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The subconscious effect of subtle media bias on perceptions of terrorism


Feick, Lukas; Donnay, Karsten; McCabe, Katherine T (2021). The subconscious effect of subtle media bias on perceptions of terrorism. American Politics Research, 49(3):313-318.

Abstract

Media outlets strategically frame news about violent events using sensationalist labels such as “terrorist” or “Islamist” but also more subtle wording choices that affect the overall article tone. We argue theoretically and show empirically using a conjoint experiment that, contrary to existing studies, the effect of these two framing devices on readers’ perceptions of terrorist events should be carefully separated. Even though article tone transports no factual information, in our experiment negative and sensational wording choices carried a greater impact on threat perceptions than the explicit “terrorist” and “Islamist” labels. In a realistic news article setting, which varied other salient context cues such as proximity or event size, subtle shifts in article tone still subconsciously influenced threat perceptions. This highlights the potential dangers of media coverage fueling otherwise unjustified fears by injecting unnecessary editorial tone.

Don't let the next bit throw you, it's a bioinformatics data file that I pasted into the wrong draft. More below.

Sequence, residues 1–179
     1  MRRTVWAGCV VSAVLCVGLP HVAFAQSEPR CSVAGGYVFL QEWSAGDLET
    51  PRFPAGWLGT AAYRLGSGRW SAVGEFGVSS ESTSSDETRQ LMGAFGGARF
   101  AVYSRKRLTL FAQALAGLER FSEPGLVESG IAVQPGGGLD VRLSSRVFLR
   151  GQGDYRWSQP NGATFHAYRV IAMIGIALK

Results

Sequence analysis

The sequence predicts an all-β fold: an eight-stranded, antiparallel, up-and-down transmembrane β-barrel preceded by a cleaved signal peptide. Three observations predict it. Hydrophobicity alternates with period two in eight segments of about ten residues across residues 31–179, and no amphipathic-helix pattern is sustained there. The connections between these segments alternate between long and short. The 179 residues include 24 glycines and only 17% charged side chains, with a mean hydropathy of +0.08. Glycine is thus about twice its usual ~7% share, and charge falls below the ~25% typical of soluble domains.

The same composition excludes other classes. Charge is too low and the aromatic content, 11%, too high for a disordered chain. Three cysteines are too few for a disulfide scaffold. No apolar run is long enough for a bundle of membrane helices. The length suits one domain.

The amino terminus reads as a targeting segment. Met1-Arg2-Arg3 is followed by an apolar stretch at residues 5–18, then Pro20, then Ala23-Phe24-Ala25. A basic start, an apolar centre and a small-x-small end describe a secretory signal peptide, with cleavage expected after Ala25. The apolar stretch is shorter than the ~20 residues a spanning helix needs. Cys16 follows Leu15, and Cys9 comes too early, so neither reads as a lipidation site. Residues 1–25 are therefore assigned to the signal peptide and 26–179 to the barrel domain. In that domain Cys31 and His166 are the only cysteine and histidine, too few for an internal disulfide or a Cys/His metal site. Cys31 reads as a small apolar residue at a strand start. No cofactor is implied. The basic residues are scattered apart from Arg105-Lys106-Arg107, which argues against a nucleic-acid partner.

Abstract

Media outlets strategically frame news about violent events using sensationalist labels such as “terrorist” or “Islamist” but also more subtle wording choices that affect the overall article tone. We argue theoretically and show empirically using a conjoint experiment that, contrary to existing studies, the effect of these two framing devices on readers’ perceptions of terrorist events should be carefully separated. Even though article tone transports no factual information, in our experiment negative and sensational wording choices carried a greater impact on threat perceptions than the explicit “terrorist” and “Islamist” labels. In a realistic news article setting, which varied other salient context cues such as proximity or event size, subtle shifts in article tone still subconsciously influenced threat perceptions. This highlights the potential dangers of media coverage fueling otherwise unjustified fears by injecting unnecessary editorial tone.

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Additional indexing

Item Type:Journal Article, refereed, original work
Communities & Collections:06 Faculty of Arts > Institute of Political Science
08 Research Priority Programs > Digital Society Initiative
Dewey Decimal Classification:320 Political science
Scopus Subject Areas:Social Sciences & Humanities > Sociology and Political Science
Uncontrolled Keywords:sociology and political science media bias, framing, labeling, public opinion, conjoint analysis
Language:English
Date:1 May 2021
Deposited On:08 Jan 2021 13:44
Last Modified:25 Mar 2024 02:45
Publisher:Sage Publications
ISSN:1532-673X
OA Status:Green
Publisher DOI:https://doi.org/10.1177/1532673x20972105
  • Content: Accepted Version
  • Language: English
  • Licence: Creative Commons: Attribution-NonCommercial-NoDerivatives 4.0 International (CC BY-NC-ND 4.0)